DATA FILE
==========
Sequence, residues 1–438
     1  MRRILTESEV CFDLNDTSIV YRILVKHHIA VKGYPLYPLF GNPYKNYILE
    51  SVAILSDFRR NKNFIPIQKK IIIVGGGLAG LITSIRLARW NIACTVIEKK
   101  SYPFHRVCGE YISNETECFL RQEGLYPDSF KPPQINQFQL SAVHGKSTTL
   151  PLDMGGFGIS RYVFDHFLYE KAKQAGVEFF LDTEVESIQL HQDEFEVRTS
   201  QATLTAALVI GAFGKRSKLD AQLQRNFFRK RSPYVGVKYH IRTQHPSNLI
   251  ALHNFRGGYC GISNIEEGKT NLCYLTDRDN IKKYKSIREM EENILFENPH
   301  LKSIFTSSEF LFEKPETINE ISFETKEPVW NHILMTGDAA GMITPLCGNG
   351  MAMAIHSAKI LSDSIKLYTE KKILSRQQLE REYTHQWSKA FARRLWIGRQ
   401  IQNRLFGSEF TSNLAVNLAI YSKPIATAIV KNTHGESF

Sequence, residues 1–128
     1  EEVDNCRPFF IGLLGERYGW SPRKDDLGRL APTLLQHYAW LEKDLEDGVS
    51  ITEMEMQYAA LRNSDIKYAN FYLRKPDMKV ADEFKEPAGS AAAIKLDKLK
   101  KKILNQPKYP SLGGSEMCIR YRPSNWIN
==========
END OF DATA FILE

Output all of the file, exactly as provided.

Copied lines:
Sequence, residues 1–438
     1  MRRILTESEV CFDLNDTSIV YRILVKHHIA VKGYPLYPLF GNPYKNYILE
    51  SVAILSDFRR NKNFIPIQKK IIIVGGGLAG LITSIRLARW NIACTVIEKK
   101  SYPFHRVCGE YISNETECFL RQEGLYPDSF KPPQINQFQL SAVHGKSTTL
   151  PLDMGGFGIS RYVFDHFLYE KAKQAGVEFF LDTEVESIQL HQDEFEVRTS
   201  QATLTAALVI GAFGKRSKLD AQLQRNFFRK RSPYVGVKYH IRTQHPSNLI
   251  ALHNFRGGYC GISNIEEGKT NLCYLTDRDN IKKYKSIREM EENILFENPH
   301  LKSIFTSSEF LFEKPETINE ISFETKEPVW NHILMTGDAA GMITPLCGNG
   351  MAMAIHSAKI LSDSIKLYTE KKILSRQQLE REYTHQWSKA FARRLWIGRQ
   401  IQNRLFGSEF TSNLAVNLAI YSKPIATAIV KNTHGESF

Sequence, residues 1–128
     1  EEVDNCRPFF IGLLGERYGW SPRKDDLGRL APTLLQHYAW LEKDLEDGVS
    51  ITEMEMQYAA LRNSDIKYAN FYLRKPDMKV ADEFKEPAGS AAAIKLDKLK
   101  KKILNQPKYP SLGGSEMCIR YRPSNWIN